Richard S.J. Tol - Economic and Social Research Institute, Dublin & Vrije Universiteit, Amsterdam
“A lot went wrong last winter; A significant amount of water was released from a dam, without proper warning, in the middle of the night.
Emergency workers followed the water; relief in one place exacerbated the situation in other places.
• There was confusion about who should call in the army, and when.
• I find this surreal in 2010 and unworthy of one of the richest countries in the world.
• Effective flood management requires taking responsibility, being pro-active, joined-up thinking, making hard decisions – the sort of things that Irish politicians excel at.
I would therefore expect that my recommendations will be ignored and that I’ll be saying the same things again in a few years time”

Flood Insurance Generally
Flood risks are difficult to assess and price:
• insufficient historical data
• recent urbanisation/building in flood plains
• large events/ storm surges are relatively rare and costly
• changing weather patterns
• modelling systems are still developing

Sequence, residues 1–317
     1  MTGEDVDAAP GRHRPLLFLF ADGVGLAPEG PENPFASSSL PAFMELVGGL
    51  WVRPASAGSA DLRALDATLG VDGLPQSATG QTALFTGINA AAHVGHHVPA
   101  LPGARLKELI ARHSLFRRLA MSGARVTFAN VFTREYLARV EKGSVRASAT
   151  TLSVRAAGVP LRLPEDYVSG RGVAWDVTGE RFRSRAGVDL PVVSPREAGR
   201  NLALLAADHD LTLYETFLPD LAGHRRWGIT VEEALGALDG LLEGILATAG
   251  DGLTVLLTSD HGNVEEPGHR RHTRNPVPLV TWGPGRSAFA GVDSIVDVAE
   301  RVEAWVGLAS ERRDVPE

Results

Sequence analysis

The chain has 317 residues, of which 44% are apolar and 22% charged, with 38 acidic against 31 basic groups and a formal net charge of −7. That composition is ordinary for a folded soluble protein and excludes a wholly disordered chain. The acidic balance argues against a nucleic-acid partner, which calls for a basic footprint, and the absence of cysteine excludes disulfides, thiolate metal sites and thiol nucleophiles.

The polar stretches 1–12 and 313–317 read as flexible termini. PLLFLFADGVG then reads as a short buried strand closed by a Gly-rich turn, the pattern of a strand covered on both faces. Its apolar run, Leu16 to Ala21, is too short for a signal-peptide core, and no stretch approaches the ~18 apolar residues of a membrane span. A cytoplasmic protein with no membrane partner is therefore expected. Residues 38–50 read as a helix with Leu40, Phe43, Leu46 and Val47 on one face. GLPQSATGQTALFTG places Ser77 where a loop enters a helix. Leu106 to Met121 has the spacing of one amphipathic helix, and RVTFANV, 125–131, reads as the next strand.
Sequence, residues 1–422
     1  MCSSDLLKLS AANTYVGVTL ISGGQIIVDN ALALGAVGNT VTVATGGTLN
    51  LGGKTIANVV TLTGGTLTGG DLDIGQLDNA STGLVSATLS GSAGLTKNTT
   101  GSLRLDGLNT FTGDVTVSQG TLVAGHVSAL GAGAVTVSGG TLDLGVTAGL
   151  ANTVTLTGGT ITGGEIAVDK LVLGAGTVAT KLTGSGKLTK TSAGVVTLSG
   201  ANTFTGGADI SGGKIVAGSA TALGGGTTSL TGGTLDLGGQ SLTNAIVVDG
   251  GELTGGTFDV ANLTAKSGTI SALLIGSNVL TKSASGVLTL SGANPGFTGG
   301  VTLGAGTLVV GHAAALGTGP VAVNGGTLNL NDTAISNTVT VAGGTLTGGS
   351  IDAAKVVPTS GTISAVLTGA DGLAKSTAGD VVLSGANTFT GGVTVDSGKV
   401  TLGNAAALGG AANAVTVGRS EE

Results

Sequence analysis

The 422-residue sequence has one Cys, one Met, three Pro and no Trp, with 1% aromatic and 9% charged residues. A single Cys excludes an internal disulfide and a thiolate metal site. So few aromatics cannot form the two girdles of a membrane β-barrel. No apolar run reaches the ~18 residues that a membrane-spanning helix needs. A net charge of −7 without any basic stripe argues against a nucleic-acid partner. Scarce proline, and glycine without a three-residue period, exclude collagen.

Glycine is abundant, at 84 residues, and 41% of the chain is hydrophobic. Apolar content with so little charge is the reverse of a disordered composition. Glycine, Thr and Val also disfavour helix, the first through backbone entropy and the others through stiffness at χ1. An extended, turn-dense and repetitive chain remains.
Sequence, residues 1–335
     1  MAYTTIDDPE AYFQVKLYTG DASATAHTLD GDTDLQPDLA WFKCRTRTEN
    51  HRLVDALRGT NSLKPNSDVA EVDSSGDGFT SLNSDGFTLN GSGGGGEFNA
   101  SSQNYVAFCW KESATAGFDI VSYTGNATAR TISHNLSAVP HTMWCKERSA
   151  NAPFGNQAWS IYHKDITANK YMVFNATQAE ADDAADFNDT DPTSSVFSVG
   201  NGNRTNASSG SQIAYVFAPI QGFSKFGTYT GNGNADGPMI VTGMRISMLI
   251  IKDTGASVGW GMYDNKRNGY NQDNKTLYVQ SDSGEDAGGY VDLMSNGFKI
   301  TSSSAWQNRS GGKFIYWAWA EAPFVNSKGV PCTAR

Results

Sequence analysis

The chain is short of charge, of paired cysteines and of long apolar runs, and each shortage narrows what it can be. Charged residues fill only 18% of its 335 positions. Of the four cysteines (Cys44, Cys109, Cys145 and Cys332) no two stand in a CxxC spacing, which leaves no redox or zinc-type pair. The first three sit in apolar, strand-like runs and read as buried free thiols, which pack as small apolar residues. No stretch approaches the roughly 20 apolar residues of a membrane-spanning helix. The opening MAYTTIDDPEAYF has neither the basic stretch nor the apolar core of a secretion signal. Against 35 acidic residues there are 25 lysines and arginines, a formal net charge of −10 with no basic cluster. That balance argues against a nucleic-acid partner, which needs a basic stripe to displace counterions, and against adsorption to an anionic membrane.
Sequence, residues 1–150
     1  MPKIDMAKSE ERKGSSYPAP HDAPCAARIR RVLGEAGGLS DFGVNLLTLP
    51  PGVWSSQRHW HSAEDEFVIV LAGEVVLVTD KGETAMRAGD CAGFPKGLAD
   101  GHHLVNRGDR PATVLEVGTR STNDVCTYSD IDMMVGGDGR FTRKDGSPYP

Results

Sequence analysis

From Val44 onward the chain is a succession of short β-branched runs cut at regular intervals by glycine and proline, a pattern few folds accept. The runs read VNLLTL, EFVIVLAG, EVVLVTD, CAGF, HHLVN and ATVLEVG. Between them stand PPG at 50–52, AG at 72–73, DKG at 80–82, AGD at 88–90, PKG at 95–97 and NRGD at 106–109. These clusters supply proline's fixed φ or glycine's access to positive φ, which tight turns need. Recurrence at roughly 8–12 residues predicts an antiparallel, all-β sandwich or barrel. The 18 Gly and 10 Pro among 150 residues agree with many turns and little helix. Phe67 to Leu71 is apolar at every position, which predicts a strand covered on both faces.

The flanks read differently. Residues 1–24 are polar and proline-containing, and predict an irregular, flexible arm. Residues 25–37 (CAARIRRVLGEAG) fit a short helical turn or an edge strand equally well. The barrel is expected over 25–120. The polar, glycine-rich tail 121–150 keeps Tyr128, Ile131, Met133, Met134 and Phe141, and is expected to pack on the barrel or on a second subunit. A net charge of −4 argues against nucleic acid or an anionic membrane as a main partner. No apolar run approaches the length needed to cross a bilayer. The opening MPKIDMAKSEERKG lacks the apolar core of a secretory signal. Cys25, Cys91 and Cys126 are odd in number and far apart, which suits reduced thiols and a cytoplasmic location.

• Internationally low penetration-locally high
but for how long??????
Natural occurrences we cannot control .. but exacerbated by factors we CAN control – infrastructure, planning & development, emergency preparedness, management on the ground

 

Future of Flood Insurance
Elements necessary for the sustainable provision of Flood insurance:
•Flood mapping and accurate data to facilitate risk assessment
•High penetration levels to prevent adverse selection
•Continued availability of Reinsurance
•Investment by Government in structural and non structural measures
•Deficiencies in Planning Guidelines addressed

Focus needs to be on impact mitigation:
•Flood Risk Management Plan needed for all high risk areas.
•All flood sources should be considered.
•Plan needs to be properly funded and resourced to ensure implementation.
•Stop creating new flood risks.
•Public awareness campaign necessary to get support for level of investment needed and to improve on preventative aspects.

Thoughts
Compensation as part of the disaster assistance should always have as a goal the reduction of future flood damages.
Rather than simply paying for damages, the funds should be focused on flood proofing
Could insurers set up salvage centres/ advice centres and the like
Info pack for clients
Analysis – lobby government
Scarce resources – pool them
Zoning and flood proofing measures can be used to control development and reduce future flood damages, but the effectiveness of such measures is highly reliant on enforcement and maintenance
Insurers can play a role here – look at bonus for driving